We have a huge military presence here—that needs to be supported in a way that makes sense and protects our service members.
We have education, we need to support that, not tear it down. Not send kids to schools that are not part of our public school system.
The third one is health care, which we’ve talked about. We need to shore that up. Eventually we need to head in a direction of universal coverage. I don’t want to abandon those hundred thousand, nor do I want to abandon the rest of the folks who are not covered. And we can do it in a fiscally responsible way. I know we can. I have issues and data I can show you, which I won’t belabor at the moment.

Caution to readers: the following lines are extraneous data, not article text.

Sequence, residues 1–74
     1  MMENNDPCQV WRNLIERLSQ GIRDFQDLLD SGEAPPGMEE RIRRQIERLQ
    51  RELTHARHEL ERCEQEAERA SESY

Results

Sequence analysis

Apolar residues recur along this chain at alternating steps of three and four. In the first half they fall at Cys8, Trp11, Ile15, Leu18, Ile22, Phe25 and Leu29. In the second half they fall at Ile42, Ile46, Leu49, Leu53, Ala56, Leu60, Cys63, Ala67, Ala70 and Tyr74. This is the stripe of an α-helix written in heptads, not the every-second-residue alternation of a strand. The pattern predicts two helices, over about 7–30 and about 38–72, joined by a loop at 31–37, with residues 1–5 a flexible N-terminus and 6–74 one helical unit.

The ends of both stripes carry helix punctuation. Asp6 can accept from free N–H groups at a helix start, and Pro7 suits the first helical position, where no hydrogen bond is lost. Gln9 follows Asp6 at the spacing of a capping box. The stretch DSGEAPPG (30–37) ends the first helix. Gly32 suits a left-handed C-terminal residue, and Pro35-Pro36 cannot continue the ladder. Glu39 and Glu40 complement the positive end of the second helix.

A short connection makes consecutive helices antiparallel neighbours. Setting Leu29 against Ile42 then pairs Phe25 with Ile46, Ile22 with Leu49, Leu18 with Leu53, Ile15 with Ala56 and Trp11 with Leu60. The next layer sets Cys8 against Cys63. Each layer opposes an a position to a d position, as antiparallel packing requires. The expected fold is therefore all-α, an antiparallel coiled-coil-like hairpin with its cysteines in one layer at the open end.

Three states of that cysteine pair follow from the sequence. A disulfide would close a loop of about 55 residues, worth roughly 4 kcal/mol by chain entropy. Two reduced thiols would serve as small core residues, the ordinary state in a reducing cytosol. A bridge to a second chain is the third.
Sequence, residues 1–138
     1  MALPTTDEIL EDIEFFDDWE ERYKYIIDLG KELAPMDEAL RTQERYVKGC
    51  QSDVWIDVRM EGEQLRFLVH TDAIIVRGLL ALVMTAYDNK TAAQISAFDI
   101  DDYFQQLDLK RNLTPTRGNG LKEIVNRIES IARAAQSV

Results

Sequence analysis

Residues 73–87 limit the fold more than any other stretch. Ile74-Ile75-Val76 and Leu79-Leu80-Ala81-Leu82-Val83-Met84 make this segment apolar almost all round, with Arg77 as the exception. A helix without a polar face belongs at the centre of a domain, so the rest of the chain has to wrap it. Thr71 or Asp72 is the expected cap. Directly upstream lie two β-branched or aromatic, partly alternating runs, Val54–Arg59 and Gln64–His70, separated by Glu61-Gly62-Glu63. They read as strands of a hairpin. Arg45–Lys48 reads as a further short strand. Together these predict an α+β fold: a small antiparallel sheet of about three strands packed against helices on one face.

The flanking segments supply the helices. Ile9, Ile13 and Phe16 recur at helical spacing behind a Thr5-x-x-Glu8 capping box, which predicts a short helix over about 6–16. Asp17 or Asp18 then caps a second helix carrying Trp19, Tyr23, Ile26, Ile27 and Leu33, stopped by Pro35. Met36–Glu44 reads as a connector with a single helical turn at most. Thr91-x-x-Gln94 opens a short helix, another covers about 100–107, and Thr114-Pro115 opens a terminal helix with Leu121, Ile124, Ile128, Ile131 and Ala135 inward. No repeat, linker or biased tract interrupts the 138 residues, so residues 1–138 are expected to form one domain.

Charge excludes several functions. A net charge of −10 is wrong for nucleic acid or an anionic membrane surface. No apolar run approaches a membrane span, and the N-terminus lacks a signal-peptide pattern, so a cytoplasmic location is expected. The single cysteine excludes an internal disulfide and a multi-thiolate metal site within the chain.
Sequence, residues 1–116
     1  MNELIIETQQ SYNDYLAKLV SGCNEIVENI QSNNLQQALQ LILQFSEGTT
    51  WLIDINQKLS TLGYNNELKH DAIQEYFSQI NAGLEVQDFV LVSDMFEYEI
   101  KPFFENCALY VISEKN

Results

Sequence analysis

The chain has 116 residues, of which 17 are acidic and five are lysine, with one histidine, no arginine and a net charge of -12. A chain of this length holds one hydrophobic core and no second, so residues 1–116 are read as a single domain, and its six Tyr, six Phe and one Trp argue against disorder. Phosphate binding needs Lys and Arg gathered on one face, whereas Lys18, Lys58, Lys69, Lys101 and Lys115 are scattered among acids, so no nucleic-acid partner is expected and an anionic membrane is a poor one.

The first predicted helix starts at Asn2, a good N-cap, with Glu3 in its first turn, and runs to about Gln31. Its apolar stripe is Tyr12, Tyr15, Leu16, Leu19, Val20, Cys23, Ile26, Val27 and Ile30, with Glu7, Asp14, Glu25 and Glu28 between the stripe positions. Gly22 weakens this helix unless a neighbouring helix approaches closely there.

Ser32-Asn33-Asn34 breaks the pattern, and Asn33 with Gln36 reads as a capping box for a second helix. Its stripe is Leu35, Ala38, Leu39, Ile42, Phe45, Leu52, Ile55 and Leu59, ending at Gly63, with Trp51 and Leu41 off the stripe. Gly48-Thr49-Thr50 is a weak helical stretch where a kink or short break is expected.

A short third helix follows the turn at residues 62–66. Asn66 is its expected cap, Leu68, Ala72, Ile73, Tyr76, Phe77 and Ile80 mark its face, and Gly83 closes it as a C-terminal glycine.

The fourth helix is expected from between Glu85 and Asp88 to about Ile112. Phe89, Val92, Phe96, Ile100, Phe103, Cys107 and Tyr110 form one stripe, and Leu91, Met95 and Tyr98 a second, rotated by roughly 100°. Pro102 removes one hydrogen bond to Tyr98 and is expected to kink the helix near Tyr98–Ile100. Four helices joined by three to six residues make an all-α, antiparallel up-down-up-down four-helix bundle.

Finally, the infrastructure for the jobs that create the tourism here, and take care of our lands and our monuments and our parks.
I understand there’s a potential for raising fees on our natural parks astronomically, three times over. We need to look at different ways to do that, because that will greatly impact our economy here and depress jobs in our economy. We need to take care of folks.
For the Victorville, Hesperia, Apple Valley areas, we need to look at ways to pull in a four-year college, and a trauma center. Maybe we do that as a satellite first, from one of the main UC’s. But we need to move that bar.
PUT MARGE IN CHARGE!
Please join me in supporting Marge Doyle's candidacy! Tech Solidarity is working to raise $100,000 for Marge Doyle by year's end. Any donation, no matter how small, will help! A maximum donation—$2,700—will go incredibly far in this campaign.